I think the problem that they confront is that they’re damned if they do and they’re damned if they don’t. If they don’t act when they’ve clearly indicated that they would. And Mr Clinton clearly indicated an intention to act in precisely the circumstances, which have now occurred, then he would be said to be not acting because he was worried about the potential optics of that in relation to the impeachment proceedings. If he does act, then the sorts of actions which have been levelled against him are made. He has basically got to govern as though those impeachment proceedings were not there in place if United States policy is not to atrophy. And I think basically that’s what he’s doing.

 

JOURNALIST:

 

Are you concerned, though, that he doesn’t appear to have the full support of Congress for this action?

 

BEAZLEY:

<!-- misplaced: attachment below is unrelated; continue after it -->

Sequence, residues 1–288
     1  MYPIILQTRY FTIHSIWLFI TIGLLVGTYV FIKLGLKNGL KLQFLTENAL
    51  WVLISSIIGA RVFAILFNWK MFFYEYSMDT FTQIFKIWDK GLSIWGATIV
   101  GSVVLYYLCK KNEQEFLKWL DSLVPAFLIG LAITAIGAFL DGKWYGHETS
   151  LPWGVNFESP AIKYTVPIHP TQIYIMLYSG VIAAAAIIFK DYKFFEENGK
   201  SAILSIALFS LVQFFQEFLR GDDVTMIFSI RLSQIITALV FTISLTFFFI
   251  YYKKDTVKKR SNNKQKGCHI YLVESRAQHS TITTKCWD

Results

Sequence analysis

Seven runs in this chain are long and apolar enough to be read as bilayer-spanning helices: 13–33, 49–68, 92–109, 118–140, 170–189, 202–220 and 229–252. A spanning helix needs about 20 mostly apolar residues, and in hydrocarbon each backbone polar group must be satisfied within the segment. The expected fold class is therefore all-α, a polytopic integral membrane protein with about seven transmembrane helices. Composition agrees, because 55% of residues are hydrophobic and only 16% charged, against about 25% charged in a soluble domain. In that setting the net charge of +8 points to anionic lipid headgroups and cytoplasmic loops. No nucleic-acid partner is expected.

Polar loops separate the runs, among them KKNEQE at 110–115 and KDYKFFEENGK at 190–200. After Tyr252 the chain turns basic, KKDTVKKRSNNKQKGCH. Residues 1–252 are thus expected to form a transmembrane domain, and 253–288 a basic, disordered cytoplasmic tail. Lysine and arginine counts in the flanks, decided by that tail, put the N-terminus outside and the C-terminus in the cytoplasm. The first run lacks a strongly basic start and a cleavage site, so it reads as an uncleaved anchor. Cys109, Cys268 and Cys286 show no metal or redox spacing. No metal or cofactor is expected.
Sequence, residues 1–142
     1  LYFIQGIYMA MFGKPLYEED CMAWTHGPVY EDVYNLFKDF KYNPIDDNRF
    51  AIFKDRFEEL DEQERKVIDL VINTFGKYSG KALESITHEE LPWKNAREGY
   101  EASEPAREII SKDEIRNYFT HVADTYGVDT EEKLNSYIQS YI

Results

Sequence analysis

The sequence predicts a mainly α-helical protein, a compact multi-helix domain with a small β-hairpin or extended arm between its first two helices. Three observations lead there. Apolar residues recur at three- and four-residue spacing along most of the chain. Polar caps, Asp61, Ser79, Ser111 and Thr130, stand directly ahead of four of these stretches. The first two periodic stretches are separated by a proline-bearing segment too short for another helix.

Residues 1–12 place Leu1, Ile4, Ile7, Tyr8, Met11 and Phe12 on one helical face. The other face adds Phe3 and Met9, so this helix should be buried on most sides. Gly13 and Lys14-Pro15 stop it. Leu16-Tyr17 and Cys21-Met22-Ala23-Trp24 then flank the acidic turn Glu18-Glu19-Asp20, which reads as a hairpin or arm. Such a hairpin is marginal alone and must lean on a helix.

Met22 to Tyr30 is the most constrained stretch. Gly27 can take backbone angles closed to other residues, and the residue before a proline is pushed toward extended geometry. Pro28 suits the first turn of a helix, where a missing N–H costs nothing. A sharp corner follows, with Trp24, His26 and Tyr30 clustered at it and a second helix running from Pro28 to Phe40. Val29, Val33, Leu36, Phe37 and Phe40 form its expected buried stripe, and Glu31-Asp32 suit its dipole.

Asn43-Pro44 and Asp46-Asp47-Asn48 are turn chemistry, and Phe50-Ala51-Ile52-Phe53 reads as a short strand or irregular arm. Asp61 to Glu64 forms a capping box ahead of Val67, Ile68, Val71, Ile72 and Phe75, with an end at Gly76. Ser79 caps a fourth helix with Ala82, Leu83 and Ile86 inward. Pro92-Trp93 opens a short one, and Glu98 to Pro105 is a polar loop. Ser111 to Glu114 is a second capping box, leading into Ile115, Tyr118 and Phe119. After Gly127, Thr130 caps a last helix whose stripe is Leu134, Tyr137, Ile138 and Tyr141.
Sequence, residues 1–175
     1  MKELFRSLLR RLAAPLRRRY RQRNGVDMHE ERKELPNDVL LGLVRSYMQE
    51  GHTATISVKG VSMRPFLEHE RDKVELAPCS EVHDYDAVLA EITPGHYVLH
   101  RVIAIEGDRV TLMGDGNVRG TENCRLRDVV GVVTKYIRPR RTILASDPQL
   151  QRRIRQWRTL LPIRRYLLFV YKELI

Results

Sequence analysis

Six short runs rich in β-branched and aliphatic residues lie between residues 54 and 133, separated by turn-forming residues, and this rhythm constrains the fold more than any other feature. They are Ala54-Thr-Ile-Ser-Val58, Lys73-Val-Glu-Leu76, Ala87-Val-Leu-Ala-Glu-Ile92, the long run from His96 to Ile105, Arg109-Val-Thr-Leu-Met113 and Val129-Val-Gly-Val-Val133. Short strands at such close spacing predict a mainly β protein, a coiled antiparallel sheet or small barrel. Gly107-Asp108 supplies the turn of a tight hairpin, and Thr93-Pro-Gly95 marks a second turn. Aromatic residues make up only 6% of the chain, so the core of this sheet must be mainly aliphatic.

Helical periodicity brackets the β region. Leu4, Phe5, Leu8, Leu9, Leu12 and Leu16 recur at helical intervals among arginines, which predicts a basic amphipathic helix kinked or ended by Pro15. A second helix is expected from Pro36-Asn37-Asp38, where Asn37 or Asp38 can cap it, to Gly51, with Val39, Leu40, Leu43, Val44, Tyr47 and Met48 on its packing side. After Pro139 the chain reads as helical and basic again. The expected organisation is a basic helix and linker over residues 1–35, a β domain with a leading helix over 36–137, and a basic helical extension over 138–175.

Well, that was something of a surprise. I think that there is a requirement here for something like a Plan B to be elaborated — that we are in a situation here where most would say that to take out the sorts of hard targets that have been discussed by the U.S. military would require a bombing campaign of longer than a few days. Much more of the nature of those that were engaged in during the course of the Gulf War. And so, the question arises: when do you declare that the objectives have been achieved? And what pattern of arrangements and relationships do you establish to ensure compliance in the future? These are genuinely difficult questions. And are questions over the next few days, which will emerge. But, I do think the Republican Congressman that I saw commenting on Mr Clinton’s views was being shallow, to say the least.